Where do great ideas come from? The kind that drive innovation — original ideas with purpose that can transform a person, a business or even an entire industry?
It often seems that there is a random creativity to innovation and a dependence on the unexpected, perhaps even the accidental. We cannot simply say, “go forth and innovate.” Or can we?
This month in my CMSWire series, I look at approaches that can increase focus on generating new ideas and technologies that can help drive a path to innovation in the workplace.
Ready, Set, Innovate
Merriam-Webster defines innovation as: “A new idea, device or method.” I prefer the Businessdictionary.com definition, “The process of translating an idea or invention into a good or service that creates value or for which customers will pay.” I think it’s important to include the notion of change — the process of translating to customer value — thus ensuring the idea can fulfill its purpose.
People share ideas with purpose in TED talks every day and remind us that of the strong cultural element to innovation. When I was with GE I did quite a bit of work around the cultural aspects of change, looking at practical techniques that engender new ideas, and their acceptance and adoption. To me, inspiration plays the critical role. First to create an environment that inspires people to great ideas, then to inspire those who must embrace and implement the idea and finally to attract those who will benefit from adopting the innovation.
My company engages in strategy exercises that help inspire big pictures of complex situations. They also encourage participants to make progress, even when they lack perfect information to rely on. This got me wondering, “What can we do every day to encourage new ideas, and what technologies can we leverage to pave the path for valuable innovation to follow?
Here are three approaches I think have merit:
- Innovation at the edges
- Innovation by collision
- Innovation inside the box
Innovation at the Edges
These days our senses are constantly bombarded and our days are over-scheduled, so much so that at times it seems creative thoughts have no room to flourish.
I recently took a holiday in the Adirondacks. I unplugged, sat beside a beautiful crystal clear lake and let my mind wander in search of clarity and inspiration. This we are told is what French artist Yves Klein had in mind with his “Monotone-Silence Symphony." The symphony requires 70 musicians and singers to take turns holding a single sound for 20 minutes, followed by another 20 minutes of DEAD SILENCE. By creating a moment of calm introspection, we have the chance to engage the part of our brain that lets us dream and imagine.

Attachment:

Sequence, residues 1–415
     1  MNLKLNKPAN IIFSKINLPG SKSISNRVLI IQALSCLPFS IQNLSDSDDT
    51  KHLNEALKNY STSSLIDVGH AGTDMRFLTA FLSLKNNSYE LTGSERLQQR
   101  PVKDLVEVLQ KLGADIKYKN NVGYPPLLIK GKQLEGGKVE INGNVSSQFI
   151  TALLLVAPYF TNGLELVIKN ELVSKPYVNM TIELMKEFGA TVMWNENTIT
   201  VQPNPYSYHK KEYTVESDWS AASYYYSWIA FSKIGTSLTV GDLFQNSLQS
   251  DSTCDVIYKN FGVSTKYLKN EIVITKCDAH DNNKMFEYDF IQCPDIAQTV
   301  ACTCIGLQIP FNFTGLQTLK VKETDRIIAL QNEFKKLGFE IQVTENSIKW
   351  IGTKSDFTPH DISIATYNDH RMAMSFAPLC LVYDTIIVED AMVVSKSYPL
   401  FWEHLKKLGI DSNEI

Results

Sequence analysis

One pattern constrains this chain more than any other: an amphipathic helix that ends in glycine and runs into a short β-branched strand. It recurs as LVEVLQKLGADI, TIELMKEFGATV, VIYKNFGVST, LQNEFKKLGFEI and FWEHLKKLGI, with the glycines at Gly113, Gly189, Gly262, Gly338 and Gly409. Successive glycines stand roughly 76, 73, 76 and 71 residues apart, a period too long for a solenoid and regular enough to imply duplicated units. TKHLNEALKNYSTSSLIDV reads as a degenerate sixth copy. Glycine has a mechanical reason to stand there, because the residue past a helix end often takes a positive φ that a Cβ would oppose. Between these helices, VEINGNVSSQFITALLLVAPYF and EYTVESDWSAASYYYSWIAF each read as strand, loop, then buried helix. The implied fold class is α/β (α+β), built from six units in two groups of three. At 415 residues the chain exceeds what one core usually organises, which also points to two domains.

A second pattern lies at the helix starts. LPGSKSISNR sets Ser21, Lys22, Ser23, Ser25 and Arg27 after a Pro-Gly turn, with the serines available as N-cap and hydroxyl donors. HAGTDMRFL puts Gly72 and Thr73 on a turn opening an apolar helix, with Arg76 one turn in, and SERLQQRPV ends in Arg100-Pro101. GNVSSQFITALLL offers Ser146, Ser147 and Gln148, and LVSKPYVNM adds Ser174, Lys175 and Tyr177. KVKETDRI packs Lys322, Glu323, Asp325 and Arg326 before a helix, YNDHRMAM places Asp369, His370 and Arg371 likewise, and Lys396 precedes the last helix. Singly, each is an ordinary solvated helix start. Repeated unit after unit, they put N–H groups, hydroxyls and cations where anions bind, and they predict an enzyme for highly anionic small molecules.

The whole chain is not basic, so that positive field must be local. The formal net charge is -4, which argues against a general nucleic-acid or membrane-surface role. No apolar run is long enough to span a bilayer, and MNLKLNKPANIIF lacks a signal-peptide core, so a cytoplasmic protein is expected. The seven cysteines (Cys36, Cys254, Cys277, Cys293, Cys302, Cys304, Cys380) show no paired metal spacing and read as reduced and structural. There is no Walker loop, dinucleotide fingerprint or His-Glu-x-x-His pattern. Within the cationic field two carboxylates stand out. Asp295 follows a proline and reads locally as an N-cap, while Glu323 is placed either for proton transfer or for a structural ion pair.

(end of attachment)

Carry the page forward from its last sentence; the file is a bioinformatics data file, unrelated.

There is a hilarious Big Bang Theory episode, the Einstein Approximation, where Dr. Sheldon Cooper, theoretical physicist and genius (played by comic genius Jim Parsons) attempts to disable his higher brain functions and engage his superior colliculus. Sheldon is stuck on a problem and first tries to sneak up on a breakthrough by viewing his work at the edge as a “fleeting peripheral image.” He then tries pursuing “mind numbing work” in order to get his brain solving the problem without his conscious knowledge.
MIT’s Media Lab director, Joichi Ito, talks about using undirected research to discover answers to questions that we haven’t even asked yet. In his post "Innovation on the Edges in 1925 - 3M," Ito maintains that, “The ability to have strong peripheral vision and pattern recognition skills are essential to embracing serendipity and exploiting opportunities to pivot into new areas while leveraging existing skills.” Looking to the edges is how Dick Drew helped 3M develop a massive market in masking tape, and then expand it further with Scotch Tape. Sandpaper, their original “core” mission, was shunted to the side, a mere ancillary revenue stream.
All these “innovating on the edges” techniques I’ve described have a common core: to free and even at times misdirect our minds to look at things in a new or different way, and to allow creativity to emerge.
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